Combined Flame and Solution Synthesis of Nanoheterostructures

S.D. Tse
Rutgers University, US

Keywords: nanoparticle synthesis & applications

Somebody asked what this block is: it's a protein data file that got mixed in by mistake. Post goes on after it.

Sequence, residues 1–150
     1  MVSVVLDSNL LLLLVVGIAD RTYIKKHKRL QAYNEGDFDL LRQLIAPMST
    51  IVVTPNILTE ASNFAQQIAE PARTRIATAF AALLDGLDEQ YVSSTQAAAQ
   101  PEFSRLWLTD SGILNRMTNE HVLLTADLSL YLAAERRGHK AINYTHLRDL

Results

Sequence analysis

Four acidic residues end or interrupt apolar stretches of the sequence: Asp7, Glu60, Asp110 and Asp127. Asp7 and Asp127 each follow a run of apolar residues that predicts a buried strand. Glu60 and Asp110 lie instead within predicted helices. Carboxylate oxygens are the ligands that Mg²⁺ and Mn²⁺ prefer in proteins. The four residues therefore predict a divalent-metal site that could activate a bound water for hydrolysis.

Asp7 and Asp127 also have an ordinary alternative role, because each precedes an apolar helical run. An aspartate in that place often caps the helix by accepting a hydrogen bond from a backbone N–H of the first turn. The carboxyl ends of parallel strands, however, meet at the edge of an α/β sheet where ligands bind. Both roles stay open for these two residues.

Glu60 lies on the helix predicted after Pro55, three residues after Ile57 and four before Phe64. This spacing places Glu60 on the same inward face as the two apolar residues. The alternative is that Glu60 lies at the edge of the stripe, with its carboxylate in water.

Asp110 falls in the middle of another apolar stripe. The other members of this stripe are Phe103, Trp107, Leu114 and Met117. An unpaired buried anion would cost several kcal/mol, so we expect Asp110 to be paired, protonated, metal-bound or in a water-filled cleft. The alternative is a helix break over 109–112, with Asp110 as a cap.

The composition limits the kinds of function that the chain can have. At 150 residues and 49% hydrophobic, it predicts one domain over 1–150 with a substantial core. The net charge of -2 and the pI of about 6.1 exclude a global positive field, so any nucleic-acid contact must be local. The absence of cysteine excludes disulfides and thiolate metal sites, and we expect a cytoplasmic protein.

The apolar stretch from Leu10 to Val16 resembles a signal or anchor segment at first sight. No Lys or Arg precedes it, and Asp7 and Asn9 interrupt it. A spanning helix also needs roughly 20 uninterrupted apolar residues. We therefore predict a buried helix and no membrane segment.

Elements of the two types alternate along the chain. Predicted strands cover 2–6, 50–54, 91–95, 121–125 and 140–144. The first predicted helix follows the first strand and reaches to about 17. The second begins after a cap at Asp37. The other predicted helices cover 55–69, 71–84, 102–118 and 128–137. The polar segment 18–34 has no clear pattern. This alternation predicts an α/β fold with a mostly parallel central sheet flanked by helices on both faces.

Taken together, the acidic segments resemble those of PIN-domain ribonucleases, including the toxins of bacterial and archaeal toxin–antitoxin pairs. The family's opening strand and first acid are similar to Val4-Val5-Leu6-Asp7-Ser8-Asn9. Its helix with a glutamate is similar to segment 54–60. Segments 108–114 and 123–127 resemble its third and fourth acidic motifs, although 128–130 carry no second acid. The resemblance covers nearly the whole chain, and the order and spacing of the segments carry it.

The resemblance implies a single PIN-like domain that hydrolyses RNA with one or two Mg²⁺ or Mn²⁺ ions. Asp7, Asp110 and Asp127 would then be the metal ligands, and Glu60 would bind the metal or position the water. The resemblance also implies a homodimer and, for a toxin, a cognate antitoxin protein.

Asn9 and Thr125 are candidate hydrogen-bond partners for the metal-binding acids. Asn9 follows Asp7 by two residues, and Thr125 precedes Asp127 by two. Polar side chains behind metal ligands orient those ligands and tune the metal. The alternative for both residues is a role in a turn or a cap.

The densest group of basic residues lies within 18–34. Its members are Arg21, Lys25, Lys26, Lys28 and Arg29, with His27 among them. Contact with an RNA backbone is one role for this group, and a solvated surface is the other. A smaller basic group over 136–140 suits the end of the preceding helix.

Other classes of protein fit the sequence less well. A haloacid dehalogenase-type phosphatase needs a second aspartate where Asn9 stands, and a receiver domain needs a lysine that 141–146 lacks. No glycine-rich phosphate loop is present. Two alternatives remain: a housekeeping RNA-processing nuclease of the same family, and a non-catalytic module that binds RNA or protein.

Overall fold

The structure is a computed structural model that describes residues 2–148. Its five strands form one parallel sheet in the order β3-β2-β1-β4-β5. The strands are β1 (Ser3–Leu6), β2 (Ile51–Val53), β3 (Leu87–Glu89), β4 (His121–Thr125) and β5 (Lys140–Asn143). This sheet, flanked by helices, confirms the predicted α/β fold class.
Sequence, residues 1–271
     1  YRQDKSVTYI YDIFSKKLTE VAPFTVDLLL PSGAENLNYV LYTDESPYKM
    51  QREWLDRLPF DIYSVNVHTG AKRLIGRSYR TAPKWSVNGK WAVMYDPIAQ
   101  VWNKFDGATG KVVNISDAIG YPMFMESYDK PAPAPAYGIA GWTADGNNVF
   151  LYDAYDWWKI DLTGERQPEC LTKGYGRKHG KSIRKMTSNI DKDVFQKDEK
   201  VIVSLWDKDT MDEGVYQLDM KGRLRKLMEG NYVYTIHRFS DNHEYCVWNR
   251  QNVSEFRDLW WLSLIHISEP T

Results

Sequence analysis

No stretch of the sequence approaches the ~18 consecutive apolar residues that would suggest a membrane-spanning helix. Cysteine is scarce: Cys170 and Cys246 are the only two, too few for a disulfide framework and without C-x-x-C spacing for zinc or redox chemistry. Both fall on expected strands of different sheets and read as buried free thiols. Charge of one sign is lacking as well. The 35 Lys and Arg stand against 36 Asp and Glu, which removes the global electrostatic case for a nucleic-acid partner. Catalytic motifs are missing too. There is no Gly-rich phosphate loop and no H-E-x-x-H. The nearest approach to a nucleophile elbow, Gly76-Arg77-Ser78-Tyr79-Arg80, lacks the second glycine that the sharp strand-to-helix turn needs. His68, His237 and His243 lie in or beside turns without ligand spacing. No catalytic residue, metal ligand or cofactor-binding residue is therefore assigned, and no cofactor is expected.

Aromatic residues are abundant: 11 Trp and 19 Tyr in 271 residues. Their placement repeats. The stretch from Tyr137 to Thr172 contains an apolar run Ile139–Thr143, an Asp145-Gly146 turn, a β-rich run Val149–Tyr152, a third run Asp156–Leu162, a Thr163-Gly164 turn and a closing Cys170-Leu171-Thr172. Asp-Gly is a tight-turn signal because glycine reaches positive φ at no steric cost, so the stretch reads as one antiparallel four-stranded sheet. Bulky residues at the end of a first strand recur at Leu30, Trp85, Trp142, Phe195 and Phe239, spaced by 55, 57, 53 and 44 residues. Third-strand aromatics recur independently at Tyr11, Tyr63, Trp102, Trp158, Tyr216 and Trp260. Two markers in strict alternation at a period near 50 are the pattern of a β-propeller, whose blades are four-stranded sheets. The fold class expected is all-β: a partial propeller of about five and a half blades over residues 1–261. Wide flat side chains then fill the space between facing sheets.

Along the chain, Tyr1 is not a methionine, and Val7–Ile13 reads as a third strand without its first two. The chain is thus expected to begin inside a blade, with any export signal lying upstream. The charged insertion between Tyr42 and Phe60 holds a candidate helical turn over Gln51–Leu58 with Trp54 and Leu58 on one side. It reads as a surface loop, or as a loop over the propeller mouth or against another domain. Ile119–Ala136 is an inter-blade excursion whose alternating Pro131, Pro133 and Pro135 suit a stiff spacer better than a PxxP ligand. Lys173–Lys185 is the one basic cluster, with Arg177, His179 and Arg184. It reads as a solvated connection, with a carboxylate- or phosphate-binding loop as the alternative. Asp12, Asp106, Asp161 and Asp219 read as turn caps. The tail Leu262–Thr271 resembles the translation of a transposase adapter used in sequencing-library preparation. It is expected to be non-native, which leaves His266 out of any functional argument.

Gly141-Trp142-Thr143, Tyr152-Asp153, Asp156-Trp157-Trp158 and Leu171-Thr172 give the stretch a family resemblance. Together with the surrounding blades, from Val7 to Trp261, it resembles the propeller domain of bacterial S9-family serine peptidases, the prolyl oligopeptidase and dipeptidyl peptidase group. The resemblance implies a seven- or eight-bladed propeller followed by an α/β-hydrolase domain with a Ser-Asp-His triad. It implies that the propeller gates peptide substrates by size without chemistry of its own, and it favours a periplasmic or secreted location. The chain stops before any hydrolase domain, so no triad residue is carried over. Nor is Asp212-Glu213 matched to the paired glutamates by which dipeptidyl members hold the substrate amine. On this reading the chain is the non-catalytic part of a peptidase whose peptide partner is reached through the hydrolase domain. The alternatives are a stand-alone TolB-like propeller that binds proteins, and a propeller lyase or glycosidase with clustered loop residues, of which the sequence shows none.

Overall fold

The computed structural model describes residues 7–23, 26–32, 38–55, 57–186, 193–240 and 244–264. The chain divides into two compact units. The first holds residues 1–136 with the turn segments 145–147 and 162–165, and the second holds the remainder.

Nanoheterostructures are fabricated by decorating/coating tungsten-oxide nanowires with other materials using a combined flame and solution synthesis method. First, vertically well-aligned single-crystal tungsten-oxide nanowires are grown directly on tungsten substrates via a flame synthesis method. Here, WO2.9 nanowires are produced by the vapor-solid mechanism, with gas phase species (O2, H2O, CO2, and H2) and local gas phase temperature (1720K) specified at the substrate for desired growth, e.g. diameters of 20-50nm, lengths > 10µm, and coverage density of 109-1010cm-2. Then, using aqueous solutions, various kinds of ZnO/SnO2 nanostructures are grown on the WO2.9 nanowires. With WO2.9 nanowires serving as the scaffold, sequential growth of hexagonal ZnO nanoplates, Zn2SnO4 nanocubes, and SnO2 nanoparticles are attained for different Zn2+:Sn2+ concentration ratios. High-resolution transmission electron microscopy (HRTEM) of the interfaces at the nanoheterojunctions show atomically abrupt interfaces for ZnO/WO2.9 and Zn2SnO4/WO2.9, despite lattice mismatches. Separately, using ionic-liquid solutions, single-crystal nanoscale Al layers are electrodeposited on the surfaces of WO2.9 nanowires. These tungsten-oxide/aluminum coaxial nanowire arrays constitute thermite nanocomposites with high reactivity. Such geometry not only presents an avenue to tailor heat-release characteristics due to anisotropic arrangement of fuel and oxidizer, but also possibly eliminates or at least minimizes the presence of an Al2O3 passivation film between the aluminum and metal oxide.